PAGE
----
Did Watson, Crick, and Wilkins deserve to be awarded a Nobel Prize for their work documented in The Double Helix?
2 Answers | Add Yours
Despite Watson’s portrayal of the shady side of research in The Double Helix, I believe that their Nobel Prize was deserved although credit probably should have been shared with Franklin for her contribution to the discovery. The discovery of the molecular formation of DNA was one of the greatest scientific breakthroughs of the century and was the beginning of modern genetic research. It was a key scientific question that had stumped many of the great scientific minds of the times including Linus Pauling. Whatever Watson and Crick had gotten from others along the way, it was still their analysis that actually answered the question correctly. Their years of work and their persistence in the face of scientific naysayers as well as financial frustrations was admirable. The implications of the discovery for medicine in the possibility of cures for genetic diseases such as Alzheimer’s, Cancers, cystic fibrosis, made the discovery a major breakthrough in how we recognize and treat disease. Such a key breakthrough in our understanding of science deserves the recognition of a Nobel Prize.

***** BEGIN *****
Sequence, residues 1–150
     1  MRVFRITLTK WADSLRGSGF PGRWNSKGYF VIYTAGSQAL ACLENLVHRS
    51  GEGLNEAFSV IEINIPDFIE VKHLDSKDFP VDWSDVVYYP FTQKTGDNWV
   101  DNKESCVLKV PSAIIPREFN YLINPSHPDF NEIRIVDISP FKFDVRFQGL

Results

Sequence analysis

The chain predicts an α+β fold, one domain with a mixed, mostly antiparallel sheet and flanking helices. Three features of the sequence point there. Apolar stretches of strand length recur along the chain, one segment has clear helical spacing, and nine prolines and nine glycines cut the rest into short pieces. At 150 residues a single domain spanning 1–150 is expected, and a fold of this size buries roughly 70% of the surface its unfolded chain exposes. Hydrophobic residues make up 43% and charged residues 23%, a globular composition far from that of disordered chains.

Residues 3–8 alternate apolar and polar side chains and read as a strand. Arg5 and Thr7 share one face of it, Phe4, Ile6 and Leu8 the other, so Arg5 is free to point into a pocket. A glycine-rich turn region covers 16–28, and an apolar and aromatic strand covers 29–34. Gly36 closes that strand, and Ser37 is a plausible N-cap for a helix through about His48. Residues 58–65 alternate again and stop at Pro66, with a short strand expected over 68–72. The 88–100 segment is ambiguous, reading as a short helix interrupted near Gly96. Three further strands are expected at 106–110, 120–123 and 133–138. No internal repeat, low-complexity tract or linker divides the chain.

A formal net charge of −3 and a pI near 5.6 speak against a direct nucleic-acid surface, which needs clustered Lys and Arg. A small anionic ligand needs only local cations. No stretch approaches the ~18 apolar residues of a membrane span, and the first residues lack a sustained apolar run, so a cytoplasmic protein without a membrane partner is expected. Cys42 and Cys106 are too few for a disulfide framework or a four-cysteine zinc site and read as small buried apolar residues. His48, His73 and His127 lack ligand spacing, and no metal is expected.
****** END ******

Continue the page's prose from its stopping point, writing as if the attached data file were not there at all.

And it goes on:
Yes, they did deserve to win the Nobel Prize. However, Franklin does not get enough credit for ther work on x-ray crystallography that lead Watson and Crick to discovering the shape of the DNA Helix. Many people believe that Franklin would have also won the Nobel Prize, but she died of cancer before getting awarded the Nobel Prize. Since the Nobel Prize is not awarded to people who have passed away, we can't award her the Nobel Prize.
The discovery of the DNA Helix lead to the development of the technology that allowed for sequencing the human genome. With knowing the sequence of our genome, we are able to get a better understanding of how genes in our body work and how mutations in genes can lead to the development of disease.
Join to answer this question
Join a community of thousands of dedicated teachers and students.Join eNotes